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There’s a big difference between the number of satellites that simulations predict, and the number we’ve actually seen with telescopes, but why?

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[♪ INTRO].

The Milky Way is more than two million light-years from the next big galaxy, but that doesn’t mean we’re alone out here. There are actually a few dozen smaller satellite galaxies orbiting ours, keeping us company in the neighborhood.

Over the years, they’ve taught us about star formation and how galaxy clusters behave, so they’ve been really useful to astronomers. Except, there’s a problem: Some satellite galaxies seem to be, well, missing. In 1998, two independent laboratories noticed that there’s a big difference between the number of satellites that simulations predict, and the number we’ve actually seen with telescopes.

It’s called the missing satellite problem, and since we’ve noticed it, no one’s been able to figure out exactly what’s going on yet. Our galaxy has at least 100 billion stars, but its satellites are much tinier. Specifically, they’re dwarf galaxies, or those that typically have less than a billion stars.

We’ve been looking at them for centuries, since several of them, like the Large Magellanic Cloud, can be spotted with the naked eye. But it’s only in the last few decades that we’ve given them serious attention. Among other things, they’re great models for how larger galaxies should behave, which has helped scientists test ideas about everything from stellar activity to chemistry.

Understanding them could also help us figure out how our own galaxy formed. So astronomers have put a lot of effort into estimating how many should be out there. Many of these studies have involved computer simulations.

They’re based on the behavior and amount of dark matter in the Milky Way neighborhood, the matter which we can’t see but helps hold galaxies together. They also take into account what we know about the laws of gravity and the universe’s expansion. These models suggest that there should be hundreds or even thousands of satellites out there, including plenty massive enough to be visible through telescopes, but we’ve only seen a few dozen.

Since 2005, the Sloan Digital Sky Survey has found almost 20, and since 2013, the Dark Energy Survey has spotted about 20 more. With other findings, that brings the total to about 60. And when scientists extrapolate and apply those results to unstudied parts of the sky, they only estimate that there are 100 or so satellites floating around.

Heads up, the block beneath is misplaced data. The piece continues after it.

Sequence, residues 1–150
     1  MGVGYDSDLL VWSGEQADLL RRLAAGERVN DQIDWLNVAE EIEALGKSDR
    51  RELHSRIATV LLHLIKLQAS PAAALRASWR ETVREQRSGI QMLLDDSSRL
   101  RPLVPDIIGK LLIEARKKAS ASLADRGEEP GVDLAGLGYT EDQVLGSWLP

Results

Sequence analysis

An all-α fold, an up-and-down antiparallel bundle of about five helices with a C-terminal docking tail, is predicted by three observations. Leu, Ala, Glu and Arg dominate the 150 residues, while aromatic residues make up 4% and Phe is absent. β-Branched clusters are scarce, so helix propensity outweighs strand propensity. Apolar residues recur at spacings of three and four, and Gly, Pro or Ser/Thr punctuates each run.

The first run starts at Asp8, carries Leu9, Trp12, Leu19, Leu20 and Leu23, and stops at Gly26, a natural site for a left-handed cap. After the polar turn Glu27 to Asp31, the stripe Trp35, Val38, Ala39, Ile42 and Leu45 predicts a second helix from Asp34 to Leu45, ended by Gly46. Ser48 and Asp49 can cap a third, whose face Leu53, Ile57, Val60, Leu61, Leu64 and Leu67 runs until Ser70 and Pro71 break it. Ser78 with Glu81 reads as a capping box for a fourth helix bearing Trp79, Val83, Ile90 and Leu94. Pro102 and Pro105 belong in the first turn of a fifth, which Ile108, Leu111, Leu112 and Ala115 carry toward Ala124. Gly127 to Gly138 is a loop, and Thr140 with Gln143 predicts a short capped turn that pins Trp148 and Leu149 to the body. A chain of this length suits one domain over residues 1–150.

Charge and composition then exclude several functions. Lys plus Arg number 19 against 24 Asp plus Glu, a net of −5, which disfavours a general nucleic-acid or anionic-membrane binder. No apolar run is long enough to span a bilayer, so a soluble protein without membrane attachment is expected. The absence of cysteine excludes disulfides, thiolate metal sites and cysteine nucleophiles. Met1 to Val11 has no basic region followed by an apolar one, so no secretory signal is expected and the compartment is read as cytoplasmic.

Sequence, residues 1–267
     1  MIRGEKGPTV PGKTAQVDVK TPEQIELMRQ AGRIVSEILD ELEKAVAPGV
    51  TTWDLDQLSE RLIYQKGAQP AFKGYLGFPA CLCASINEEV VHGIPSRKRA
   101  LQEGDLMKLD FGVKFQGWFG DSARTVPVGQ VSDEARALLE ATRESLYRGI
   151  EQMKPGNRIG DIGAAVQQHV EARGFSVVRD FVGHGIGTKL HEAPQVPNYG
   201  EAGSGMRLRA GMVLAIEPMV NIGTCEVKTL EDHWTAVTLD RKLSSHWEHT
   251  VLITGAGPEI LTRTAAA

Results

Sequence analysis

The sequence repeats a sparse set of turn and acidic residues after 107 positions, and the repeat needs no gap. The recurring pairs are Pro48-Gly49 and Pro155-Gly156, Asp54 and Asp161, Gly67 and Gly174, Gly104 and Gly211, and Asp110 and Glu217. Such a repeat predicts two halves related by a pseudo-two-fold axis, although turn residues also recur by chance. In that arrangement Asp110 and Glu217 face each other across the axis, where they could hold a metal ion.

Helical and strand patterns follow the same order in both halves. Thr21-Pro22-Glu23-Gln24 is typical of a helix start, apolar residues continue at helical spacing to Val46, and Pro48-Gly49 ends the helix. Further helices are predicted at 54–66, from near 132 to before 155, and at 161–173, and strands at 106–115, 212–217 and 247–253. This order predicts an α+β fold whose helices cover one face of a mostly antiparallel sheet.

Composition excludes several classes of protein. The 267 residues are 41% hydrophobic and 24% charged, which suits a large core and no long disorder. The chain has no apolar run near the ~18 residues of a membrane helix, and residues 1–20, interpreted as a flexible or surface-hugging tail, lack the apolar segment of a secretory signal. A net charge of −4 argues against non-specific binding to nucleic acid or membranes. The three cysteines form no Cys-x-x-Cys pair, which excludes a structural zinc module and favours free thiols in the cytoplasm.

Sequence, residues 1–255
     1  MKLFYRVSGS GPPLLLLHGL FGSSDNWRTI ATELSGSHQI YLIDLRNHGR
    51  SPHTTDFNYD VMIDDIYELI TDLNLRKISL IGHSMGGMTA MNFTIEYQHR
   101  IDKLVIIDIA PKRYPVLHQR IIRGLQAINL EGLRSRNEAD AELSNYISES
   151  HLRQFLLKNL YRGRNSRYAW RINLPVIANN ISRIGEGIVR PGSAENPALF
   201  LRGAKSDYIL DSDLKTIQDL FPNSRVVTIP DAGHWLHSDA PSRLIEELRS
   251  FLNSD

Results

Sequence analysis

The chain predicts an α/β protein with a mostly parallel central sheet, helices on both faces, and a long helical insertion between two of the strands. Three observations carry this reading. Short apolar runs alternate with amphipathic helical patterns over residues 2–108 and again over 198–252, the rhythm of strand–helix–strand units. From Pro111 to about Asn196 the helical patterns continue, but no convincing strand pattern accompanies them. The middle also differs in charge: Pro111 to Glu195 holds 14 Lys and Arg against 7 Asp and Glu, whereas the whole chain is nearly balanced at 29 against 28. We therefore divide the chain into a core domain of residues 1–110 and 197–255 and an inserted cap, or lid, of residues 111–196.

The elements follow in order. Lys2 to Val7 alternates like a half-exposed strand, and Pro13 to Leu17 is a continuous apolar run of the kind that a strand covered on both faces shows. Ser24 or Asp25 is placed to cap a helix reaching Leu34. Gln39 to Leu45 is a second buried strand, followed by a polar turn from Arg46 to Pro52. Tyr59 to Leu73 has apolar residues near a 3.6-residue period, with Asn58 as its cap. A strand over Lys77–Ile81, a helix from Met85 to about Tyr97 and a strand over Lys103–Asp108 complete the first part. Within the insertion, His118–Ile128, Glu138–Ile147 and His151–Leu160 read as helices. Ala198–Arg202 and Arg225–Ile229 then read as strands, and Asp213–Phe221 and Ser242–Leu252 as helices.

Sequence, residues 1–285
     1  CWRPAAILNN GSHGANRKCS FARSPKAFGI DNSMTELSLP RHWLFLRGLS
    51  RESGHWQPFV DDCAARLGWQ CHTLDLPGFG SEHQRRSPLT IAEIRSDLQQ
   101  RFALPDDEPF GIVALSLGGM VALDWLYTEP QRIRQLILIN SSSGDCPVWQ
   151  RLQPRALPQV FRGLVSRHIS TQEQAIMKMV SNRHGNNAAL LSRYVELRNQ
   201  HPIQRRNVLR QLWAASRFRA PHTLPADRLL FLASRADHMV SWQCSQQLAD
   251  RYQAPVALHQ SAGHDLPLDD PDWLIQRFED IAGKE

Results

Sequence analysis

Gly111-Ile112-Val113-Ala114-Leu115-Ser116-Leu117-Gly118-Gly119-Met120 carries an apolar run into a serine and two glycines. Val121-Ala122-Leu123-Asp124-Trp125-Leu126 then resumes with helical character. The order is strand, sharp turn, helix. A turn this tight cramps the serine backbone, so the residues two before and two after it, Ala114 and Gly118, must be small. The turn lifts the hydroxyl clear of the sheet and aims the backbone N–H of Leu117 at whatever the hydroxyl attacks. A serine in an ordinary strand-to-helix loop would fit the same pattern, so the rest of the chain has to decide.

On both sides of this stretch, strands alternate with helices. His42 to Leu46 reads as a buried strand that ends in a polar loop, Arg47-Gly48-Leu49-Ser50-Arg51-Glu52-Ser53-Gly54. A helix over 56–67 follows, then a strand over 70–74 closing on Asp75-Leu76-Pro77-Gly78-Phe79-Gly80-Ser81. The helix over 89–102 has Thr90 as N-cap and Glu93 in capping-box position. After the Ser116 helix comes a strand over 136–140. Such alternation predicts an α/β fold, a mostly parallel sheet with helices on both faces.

That’s still significantly less than the simulations predict. And that might mean something is a bit off with our work so far. It could be that astronomers have been calculating the telescope extrapolations wrong.

So right now, some researchers are working on recalibrating the statistics from the Sloan Digital Sky Survey. On the other hand, it could be that something is wrong with the models. The good news is, this probably doesn’t mean our basic understanding of dark matter is wrong.

That would be a hard truth to swallow, and would require a lot more evidence. Instead, it might just mean some small details need to be tweaked, or that other factors are at play. For example, a few cosmologists have thrown around the idea that dark matter might operate differently on different scales.

And research from 2013, published in the Journal of the Italian Astronomical Society, suggests the solution might have to do with the conditions of the early universe. Thankfully, whatever the solution is, cosmologists are no strangers to reconciliation. They come across problems and exceptions in research all the time, so they’ll keep working on this case, too.

Basically, that’s how science works! And there are already some big projects on the way to help us track down those missing satellites. For one, telescopes are getting more powerful all the time, which will help.

In 2022, the Large Synoptic Survey Telescope, operated by AURA, is scheduled to come online. It will be able to look at ten square degrees of the sky at once; an area almost 50 times the size of the Moon. That means it will be able to look at more of the Milky Way and its surroundings in greater detail than any other telescope to date.

It also helps that computers are getting faster, and cosmologists are already using them to enhance their models and simulations. Some simulations, like some being run at Kavli Institute for Particle Astrophysics, pair dark matter simulations with machine learning. They study hypothetical galaxies to figure out how many dwarf galaxies we’d expect to survive in the real universe.

And other models, like the super high-resolution FIRE simulations, model both dark matter and non-dark matter at the same time to get a more accurate view of how dwarf galaxies form in the first place. These studies all hope to emerge with a more accurate picture of our corner of space, which will hopefully help us figure out what’s going on with all those missing satellites. So one day, we’ll hopefully know all of our neighbors in space, not just the bright noisy ones.

And because of that, we’ll have a better understanding of how our galaxy got to be the way it is, and how we ended up here. Thanks for watching this episode of SciShow Space! Now, even though we’ve been studying the universe for centuries, there are still lots of puzzles we haven’t solved yet, like one about diffuse interstellar bands.

These are mysterious light readings scientists have been picking up for nearly a hundred years, and if you’d like to learn more about what they might mean, you can watch our episode all about it. [♪ OUTRO].